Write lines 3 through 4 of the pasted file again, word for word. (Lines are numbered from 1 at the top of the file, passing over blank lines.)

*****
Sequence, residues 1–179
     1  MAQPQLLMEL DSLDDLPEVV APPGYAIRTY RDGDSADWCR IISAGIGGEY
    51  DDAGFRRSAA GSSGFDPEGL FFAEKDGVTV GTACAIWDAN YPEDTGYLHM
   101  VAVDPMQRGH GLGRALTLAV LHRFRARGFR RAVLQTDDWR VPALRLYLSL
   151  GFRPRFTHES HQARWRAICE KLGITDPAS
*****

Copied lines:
    51  DDAGFRRSAA GSSGFDPEGL FFAEKDGVTV GTACAIWDAN YPEDTGYLHM
   101  VAVDPMQRGH GLGRALTLAV LHRFRARGFR RAVLQTDDWR VPALRLYLSL